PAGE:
- Released May 1959
- LW plus MW
- 7 new-fangled transistor thingies.
- Battery only (9V)
- Original cost £17 8s 11d
A classic case style designed by David Ogle that first
saw the light of day in 1957 as a proper (valve) radio.
There are various model number suffixes such as 'B', 'C' and 'D'. These
are not circuit revisions but in fact refer to the different colours that
were produced. 'B' refers to brass with brown sides and 'C' refers
to chrome with blue sides ; can anyone suggest what the 'D' would
stand for ? This particular set has the additional 'L' suffix which indicates
that it has an additional tuning button labled '208' which was intended
to recieve Radio Luxembourg. I believe there is also a version which was
equipped with the marine "Trawler Band" though I've not seen
There are a number of variants of circuitry used in these sets. The first
sets used the generally reliable OC44/5 transistors with OC71's doing
the audio work. The audio section was later updated to used OC78's and
OC81's, and the R.F. transistors replaced with the dodgy AF117's which
have developed a reputation for developing internal shorts.
have to grudgingly admit it doesn't sound bad, certainly far better than
any other tranny set I've heard from the period. I'm no expert on this
transistor stuff but the audio stage is more complex than I'd expected,
with two driver transistors providing enough gain such that the push-pull
output stage can afford to utilise negative feedback (center-tapped winding
on transformer T2). This helps reduce distortion, particularly cross-over
distortion ofwhich this type of push-pull circuit is only too keen to
generate. A tone control on an early transistor set also seems unusual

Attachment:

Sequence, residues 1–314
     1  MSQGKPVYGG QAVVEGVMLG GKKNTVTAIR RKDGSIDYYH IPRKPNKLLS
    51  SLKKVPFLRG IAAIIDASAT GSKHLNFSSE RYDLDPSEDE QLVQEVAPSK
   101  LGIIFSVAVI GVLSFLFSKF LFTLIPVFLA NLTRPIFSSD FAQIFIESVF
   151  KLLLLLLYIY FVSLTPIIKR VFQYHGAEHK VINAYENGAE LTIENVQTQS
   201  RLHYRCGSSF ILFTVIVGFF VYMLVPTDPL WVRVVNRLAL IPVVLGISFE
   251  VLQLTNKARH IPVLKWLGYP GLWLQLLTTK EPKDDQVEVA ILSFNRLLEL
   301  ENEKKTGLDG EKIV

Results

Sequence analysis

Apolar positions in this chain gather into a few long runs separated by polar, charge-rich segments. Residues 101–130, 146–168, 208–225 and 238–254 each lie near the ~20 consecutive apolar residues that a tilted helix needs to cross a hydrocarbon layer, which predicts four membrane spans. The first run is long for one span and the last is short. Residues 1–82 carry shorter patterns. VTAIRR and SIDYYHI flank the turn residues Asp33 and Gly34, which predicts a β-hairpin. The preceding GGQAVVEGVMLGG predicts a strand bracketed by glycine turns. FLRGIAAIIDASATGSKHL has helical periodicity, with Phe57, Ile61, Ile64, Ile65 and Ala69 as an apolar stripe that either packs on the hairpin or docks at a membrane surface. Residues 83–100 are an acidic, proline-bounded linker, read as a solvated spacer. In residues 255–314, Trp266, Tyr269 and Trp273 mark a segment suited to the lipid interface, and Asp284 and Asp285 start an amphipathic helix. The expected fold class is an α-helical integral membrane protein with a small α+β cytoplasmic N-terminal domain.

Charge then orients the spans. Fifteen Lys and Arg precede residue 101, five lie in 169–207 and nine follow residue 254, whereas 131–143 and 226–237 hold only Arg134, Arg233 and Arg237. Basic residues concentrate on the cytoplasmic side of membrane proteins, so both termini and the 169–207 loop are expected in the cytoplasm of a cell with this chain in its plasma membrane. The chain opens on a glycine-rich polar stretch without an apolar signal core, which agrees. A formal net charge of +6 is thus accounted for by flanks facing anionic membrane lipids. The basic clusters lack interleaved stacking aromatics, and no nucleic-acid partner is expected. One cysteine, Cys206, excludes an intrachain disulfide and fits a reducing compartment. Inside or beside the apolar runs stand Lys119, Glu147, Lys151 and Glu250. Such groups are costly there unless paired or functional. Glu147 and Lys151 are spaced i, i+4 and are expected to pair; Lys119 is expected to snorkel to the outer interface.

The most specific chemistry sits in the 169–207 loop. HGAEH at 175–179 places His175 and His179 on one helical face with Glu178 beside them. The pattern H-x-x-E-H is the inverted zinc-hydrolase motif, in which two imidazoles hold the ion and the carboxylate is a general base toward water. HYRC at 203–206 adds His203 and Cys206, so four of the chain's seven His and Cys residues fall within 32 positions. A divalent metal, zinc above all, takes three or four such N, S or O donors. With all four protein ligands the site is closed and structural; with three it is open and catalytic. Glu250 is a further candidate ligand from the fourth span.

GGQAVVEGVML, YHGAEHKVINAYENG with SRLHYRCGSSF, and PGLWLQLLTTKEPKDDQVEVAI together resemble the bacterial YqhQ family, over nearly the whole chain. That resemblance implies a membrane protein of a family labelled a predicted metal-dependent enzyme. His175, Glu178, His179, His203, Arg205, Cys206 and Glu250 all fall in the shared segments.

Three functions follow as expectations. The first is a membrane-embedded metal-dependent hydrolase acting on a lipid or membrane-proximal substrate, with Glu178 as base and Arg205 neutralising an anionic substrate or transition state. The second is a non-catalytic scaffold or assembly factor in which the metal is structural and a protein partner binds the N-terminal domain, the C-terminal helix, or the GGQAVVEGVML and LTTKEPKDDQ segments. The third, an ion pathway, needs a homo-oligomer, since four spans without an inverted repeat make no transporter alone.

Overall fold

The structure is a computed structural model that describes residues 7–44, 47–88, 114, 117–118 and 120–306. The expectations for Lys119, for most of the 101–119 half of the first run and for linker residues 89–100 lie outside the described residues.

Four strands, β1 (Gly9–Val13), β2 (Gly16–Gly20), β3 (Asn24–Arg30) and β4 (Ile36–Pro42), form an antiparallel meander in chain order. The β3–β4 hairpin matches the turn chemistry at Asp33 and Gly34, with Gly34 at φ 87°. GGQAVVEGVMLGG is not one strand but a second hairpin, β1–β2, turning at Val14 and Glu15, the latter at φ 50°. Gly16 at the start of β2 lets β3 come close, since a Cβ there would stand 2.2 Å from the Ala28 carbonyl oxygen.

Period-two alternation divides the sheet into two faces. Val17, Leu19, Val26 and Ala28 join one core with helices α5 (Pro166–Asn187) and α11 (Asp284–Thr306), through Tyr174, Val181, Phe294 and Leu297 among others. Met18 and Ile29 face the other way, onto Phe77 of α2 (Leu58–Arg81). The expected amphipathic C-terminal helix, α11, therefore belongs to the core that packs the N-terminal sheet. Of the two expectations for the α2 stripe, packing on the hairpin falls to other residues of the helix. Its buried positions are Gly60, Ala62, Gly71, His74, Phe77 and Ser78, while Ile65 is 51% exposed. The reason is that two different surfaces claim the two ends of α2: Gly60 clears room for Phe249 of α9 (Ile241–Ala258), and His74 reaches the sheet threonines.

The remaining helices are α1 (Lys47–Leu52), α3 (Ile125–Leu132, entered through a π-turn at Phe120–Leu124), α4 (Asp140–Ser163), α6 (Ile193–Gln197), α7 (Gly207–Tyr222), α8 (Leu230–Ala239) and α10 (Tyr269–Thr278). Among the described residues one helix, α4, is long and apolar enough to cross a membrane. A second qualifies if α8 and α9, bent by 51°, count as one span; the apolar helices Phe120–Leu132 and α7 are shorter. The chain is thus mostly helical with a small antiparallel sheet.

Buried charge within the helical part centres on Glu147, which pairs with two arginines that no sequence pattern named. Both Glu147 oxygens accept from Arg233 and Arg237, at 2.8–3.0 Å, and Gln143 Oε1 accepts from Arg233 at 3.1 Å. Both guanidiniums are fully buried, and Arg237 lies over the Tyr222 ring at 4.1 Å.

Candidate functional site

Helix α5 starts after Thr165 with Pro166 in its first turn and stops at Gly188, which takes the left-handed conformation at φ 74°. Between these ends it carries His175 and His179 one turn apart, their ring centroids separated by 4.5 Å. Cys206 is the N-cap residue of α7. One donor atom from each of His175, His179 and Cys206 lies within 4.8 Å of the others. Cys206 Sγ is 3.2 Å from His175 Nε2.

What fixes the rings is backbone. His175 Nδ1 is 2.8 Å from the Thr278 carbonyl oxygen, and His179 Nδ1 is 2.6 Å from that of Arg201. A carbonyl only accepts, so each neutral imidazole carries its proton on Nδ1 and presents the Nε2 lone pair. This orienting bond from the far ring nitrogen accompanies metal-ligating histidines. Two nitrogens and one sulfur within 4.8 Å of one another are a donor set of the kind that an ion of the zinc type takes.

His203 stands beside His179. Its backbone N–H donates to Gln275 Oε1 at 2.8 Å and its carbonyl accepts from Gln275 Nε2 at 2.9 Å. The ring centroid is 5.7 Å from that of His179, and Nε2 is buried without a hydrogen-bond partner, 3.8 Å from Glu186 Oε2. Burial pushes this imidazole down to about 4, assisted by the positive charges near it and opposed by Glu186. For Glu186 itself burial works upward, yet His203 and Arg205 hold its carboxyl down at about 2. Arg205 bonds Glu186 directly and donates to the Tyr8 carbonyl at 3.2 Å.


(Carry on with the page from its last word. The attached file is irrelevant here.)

to me, but then what do I know.
The same case design was used in a number of Bush models :-
- The MB60 mains/battery valve set
- Various TR82's
- ETR82 valve / transistor hybrid. As is typical of a number of manufacturers,
export models would have the standard L.W. band replaced by a S.W. band.
In 1959 commercial transistors were not really up to the higher frequencies
of S.W. and hence the front end circuitry would need to be valve based.
- ETR92 - Rapid transistor development meant by the end of 1959 the
old ETR82 design could be replaced by an all-transistor design. Or,
I guess, perhaps a portable radio still having valves in it had proved
unpopular ? It'd be interesting to compare the cost of these two export
- Transistor development continued apace and by 1961 were cost-effective
enough for use in high frequency consumer electronics, leading to the
V.H.F.-equipped Bush VTR103.
||There is a copy of the Trader service sheet #1459 on CD#1.
clean, excellent chrome,and complete right down to the original little plastic
bag intended to protect the set's internals should the battery leak.
There are a few signs of previous work, such as the replacement of one of
the notoriously unreliable AF117's but there's no bodges and it works well.
is the case with so many TR82's, there is a small chip missing out of a
lower corner of the rear cover. I can only assume this is due to people
trying to prise the rear cover off, though once the thumping great chrome
you-must-be-freakin'-blind-if-you-can't-see-me retaining screw is undone
the back seemed to come off quite easilly to my mind.
||May 2003 N.V.C.F for £25. A very reasonable price with no sign of
the usual "N.V.C.F. surcharge".
||In recent years, modern manufacturers have released modern radios styled
as per previous 60's designs, and this case design has re-appeared with
a Bush badge and are readilly available (model TR82/97). If you directly
comare the new set with the original then a number of errors will be seen,
but then I guess the main buyers ofthese sets probably wouldn't notice or
You can find a review of the modern version on the Vintage
Radio website (www.vintage-radio.com/reviews/tr82-97-radio.shtml)
Extra push button (right) for '208'
No PCB's here. And hey, there's enough room to
replace them trannies with some valves. Hmmm ....